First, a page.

This measure poses an existential threat to SNAP’s program structure—effectively eliminating its federal entitlement status by giving the State the ability to reduce CalFresh benefit amounts if they are unable or unwilling to meet the matching costs required by this proposal. 

Elimination of SNAP Minimum Benefit: The President’s budget also eliminates the $16 minimum benefit for SNAP. The minimum benefit is primarily utilized by one to two person households including seniors and individuals with disabilities. 79,000 households and 110,000 individuals receive the minimum benefit in California. Eliminating the minimum benefit would result in a cut of $14,484,000 annually, increasing hunger and harm for thousands of our state’s most vulnerable residents. iv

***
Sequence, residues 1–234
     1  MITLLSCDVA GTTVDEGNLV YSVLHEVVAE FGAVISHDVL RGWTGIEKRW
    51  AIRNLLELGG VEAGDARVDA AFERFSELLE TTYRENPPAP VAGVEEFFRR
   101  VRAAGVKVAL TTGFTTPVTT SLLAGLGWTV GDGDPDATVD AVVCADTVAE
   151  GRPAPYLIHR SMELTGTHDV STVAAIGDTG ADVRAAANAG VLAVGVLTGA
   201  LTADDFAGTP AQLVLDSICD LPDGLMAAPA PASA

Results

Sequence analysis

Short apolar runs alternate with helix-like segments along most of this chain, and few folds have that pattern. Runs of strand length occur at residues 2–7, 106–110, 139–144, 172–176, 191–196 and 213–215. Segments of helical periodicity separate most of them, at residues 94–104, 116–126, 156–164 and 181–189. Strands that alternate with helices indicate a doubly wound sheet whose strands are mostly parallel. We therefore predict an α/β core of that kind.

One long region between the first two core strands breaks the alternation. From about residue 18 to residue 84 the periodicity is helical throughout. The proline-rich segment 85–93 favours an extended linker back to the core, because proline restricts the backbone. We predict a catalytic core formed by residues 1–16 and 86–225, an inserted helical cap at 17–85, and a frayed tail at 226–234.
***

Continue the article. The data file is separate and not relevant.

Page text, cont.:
Time-Limit Food Assistance for Childless Workers in Areas of High Unemployment: Under current law, certain SNAP recipients are time-limited to 3 months of SNAP benefits in a three-year period unless they are exempt, working 20 hours a week or participating in a qualifying work activity. In many cases, states have waived the time limit in areas with persistent, high unemployment where there simply aren’t enough jobs for those who need them. The President’s budget goes beyond this already harsh provision to restrict time-limit waivers to only areas with at least 10% unemployment. Currently, California has a statewide waiver in place from the SNAP time limits until January 2018. The State has estimated that there are between 450,000 - 500,000 individuals who would be subject to the time limits once the waiver expires. While many of these individuals will qualify for exemptions from the time limit, many Californians, particularly those living in areas of high unemployment like the Central Valley, will be hit hardest by this proposal.